For those not checking into The Kempinski, The West Bay offers myriad luxurious places to bed down. The Four Seasons offers a tiptop beach and beautiful Arabic flourishes. The pyramid-shaped Sheraton is also beach facing, while the Shangri-La, The W and Banana Island by Anantara (located on a private island) all deliver five-star luxe.

Any of these spots will put you within easy reach of The Corniche where you can stroll the palm-fringed waterfront en route to The Museum of Islamic Art (MIA) and stop by The Pearl Oyster monument – a symbol of the city’s pearl-diving heritage.

A ten-minute walk later and The MIA – designed by architect I.M. Pei (of The Louvre pyramid in Paris) – appears to ‘float’ above the Gulf Sea. Placed on its own peninsula, this boxy pyramid lures you into a photo-snapping frenzy, as it appears different from every angle. Inside, layered walkways span across a huge atrium and modern design fuses with spectacular lighting inspired by Egypt’s Mosque of Ahmad Ibn Tulun. The art here spans from the 7th to 19th Centuries so set aside several hours to absorb its Islamic calligraphy, tapestries and the world’s oldest Qurans.

If you don’t already feel small next to the colossal skyscrapers, the QM Gallery Al Riwaq, next to the MIA, should settle that.

Ceilings here soar and the sound of your footsteps travel as you pace its echoey rooms. When I visit Luc Tuyman’s Intolerance exhibition, I find myself eyeballing paintings that illustrate events from the Holocaust, Gulf Wars and other dark moments in history. The Chinese-focused What About the Art exhibition has now moved into its place. And Cai Guo-Qiang’s giant cuttlefish – a symbol for the controversial effects of humans on maritime disasters – is bound to get tongues wagging.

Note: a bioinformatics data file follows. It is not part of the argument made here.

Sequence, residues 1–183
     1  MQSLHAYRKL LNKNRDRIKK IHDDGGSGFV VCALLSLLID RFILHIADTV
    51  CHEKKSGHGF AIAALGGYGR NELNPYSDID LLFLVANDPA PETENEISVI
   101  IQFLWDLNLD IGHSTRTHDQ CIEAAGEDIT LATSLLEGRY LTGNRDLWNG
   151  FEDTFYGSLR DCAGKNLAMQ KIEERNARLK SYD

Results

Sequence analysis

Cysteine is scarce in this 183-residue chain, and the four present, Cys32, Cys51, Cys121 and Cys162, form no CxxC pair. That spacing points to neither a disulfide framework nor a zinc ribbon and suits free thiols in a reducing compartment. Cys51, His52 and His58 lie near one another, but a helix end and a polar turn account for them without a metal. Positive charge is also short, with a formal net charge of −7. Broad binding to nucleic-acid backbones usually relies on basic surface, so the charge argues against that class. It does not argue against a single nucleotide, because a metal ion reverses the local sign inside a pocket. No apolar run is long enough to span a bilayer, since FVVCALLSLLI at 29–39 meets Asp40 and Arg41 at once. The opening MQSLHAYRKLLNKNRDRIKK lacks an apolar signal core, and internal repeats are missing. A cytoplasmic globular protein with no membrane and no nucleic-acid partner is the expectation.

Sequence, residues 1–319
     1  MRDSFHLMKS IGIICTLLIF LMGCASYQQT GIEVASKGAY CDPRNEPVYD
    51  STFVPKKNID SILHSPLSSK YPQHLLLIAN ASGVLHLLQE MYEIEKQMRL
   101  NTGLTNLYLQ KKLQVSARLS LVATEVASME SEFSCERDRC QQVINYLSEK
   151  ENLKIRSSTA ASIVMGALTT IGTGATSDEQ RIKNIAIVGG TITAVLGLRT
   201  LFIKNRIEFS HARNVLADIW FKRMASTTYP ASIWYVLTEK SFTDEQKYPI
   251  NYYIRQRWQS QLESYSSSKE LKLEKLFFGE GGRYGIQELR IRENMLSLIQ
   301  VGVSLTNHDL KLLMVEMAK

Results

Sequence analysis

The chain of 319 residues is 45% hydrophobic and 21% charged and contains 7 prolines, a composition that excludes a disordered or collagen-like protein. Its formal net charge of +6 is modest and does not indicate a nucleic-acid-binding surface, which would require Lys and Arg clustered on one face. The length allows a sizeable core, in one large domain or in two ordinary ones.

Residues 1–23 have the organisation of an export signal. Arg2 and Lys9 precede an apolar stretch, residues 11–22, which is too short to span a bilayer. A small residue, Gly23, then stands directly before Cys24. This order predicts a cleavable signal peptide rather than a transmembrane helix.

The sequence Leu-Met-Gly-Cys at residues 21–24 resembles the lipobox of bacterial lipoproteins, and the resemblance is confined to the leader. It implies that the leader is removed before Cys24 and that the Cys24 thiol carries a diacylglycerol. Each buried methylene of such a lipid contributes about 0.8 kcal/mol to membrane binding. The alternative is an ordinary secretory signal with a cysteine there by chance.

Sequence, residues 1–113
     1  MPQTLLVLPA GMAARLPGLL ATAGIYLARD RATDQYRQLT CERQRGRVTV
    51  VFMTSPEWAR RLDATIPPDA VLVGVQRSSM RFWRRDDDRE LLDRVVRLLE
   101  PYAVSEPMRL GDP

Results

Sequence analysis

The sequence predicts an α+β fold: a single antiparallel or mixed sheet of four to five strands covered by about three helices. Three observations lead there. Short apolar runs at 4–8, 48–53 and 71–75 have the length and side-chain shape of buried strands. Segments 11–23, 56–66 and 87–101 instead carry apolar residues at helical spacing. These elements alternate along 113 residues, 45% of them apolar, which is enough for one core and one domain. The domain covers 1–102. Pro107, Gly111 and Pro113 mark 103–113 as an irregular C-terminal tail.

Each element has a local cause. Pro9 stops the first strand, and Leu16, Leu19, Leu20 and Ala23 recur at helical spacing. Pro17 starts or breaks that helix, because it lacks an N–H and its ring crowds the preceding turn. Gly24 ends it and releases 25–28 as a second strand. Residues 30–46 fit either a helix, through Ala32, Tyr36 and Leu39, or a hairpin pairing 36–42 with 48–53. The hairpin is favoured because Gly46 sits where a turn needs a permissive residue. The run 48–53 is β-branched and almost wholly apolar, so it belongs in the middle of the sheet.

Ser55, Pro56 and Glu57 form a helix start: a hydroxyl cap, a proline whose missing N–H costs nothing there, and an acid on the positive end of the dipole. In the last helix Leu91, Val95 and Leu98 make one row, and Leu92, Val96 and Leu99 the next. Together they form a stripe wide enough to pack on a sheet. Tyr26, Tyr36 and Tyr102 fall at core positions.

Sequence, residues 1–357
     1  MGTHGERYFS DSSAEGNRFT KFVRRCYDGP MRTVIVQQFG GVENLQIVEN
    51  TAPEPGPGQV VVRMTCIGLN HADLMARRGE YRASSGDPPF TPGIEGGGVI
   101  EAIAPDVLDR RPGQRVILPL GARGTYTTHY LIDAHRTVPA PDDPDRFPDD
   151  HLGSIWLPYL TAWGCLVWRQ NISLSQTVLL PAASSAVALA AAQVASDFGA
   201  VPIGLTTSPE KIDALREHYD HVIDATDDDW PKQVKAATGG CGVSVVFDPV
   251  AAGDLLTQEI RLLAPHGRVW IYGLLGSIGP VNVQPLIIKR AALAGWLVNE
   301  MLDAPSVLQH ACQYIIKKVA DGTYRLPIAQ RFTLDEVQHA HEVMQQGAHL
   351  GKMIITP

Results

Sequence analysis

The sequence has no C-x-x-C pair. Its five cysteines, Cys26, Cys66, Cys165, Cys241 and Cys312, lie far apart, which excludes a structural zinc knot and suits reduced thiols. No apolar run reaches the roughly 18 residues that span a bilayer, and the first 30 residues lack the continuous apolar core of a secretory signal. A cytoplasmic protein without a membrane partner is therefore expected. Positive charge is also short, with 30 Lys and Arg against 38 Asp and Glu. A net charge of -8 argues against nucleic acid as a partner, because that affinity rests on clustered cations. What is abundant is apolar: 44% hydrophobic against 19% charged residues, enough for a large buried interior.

If you have an appetite for more of the avant-garde, Damien Hirst’s Miraculous Journey will sort that. Whether you’re in the love-it or hate-it camp, these 14 bronze sculptures that follow a fetus from conception to birth lure more than just patients to the city’s Sidra Medical Centre.

Adding to the edgier art trail, ‘Gandhi’s Three Monkeys’ by Indian artist Subodh Gupta, captures the attention. A set of three sculptured heads, it’s inspired by Gandhi’s famous ‘see no evil, speak no evil’ proverb. Each one wears a different kind of headgear; a gas mask, a soldier’s helmet and a terrorist’s hood. Next to it, Katara cultural village is worth a gander for its temporary exhibits too, with the current one celebrating the Qatar-China 2016 Year of Culture.